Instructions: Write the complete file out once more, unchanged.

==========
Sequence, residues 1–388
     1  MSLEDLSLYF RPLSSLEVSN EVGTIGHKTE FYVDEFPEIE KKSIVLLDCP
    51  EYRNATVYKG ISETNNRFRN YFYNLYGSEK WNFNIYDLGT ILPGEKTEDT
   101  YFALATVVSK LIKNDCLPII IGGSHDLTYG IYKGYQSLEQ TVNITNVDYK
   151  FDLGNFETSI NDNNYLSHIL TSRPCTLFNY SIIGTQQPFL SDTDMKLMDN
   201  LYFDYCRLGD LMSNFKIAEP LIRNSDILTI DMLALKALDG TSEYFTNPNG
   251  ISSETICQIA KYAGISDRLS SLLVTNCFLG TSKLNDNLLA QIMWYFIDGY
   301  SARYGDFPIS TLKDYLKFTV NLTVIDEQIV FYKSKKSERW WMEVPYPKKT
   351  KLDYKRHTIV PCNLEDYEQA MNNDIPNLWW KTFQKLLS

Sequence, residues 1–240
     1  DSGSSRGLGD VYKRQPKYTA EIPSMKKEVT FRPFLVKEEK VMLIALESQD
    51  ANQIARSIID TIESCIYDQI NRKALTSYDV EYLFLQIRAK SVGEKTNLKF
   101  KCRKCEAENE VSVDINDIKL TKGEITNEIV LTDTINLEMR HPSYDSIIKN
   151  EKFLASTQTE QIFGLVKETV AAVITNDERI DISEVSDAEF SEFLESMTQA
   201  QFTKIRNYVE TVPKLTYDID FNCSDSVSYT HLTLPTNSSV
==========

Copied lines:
Sequence, residues 1–388
     1  MSLEDLSLYF RPLSSLEVSN EVGTIGHKTE FYVDEFPEIE KKSIVLLDCP
    51  EYRNATVYKG ISETNNRFRN YFYNLYGSEK WNFNIYDLGT ILPGEKTEDT
   101  YFALATVVSK LIKNDCLPII IGGSHDLTYG IYKGYQSLEQ TVNITNVDYK
   151  FDLGNFETSI NDNNYLSHIL TSRPCTLFNY SIIGTQQPFL SDTDMKLMDN
   201  LYFDYCRLGD LMSNFKIAEP LIRNSDILTI DMLALKALDG TSEYFTNPNG
   251  ISSETICQIA KYAGISDRLS SLLVTNCFLG TSKLNDNLLA QIMWYFIDGY
   301  SARYGDFPIS TLKDYLKFTV NLTVIDEQIV FYKSKKSERW WMEVPYPKKT
   351  KLDYKRHTIV PCNLEDYEQA MNNDIPNLWW KTFQKLLS

Sequence, residues 1–240
     1  DSGSSRGLGD VYKRQPKYTA EIPSMKKEVT FRPFLVKEEK VMLIALESQD
    51  ANQIARSIID TIESCIYDQI NRKALTSYDV EYLFLQIRAK SVGEKTNLKF
   101  KCRKCEAENE VSVDINDIKL TKGEITNEIV LTDTINLEMR HPSYDSIIKN
   151  EKFLASTQTE QIFGLVKETV AAVITNDERI DISEVSDAEF SEFLESMTQA
   201  QFTKIRNYVE TVPKLTYDID FNCSDSVSYT HLTLPTNSSV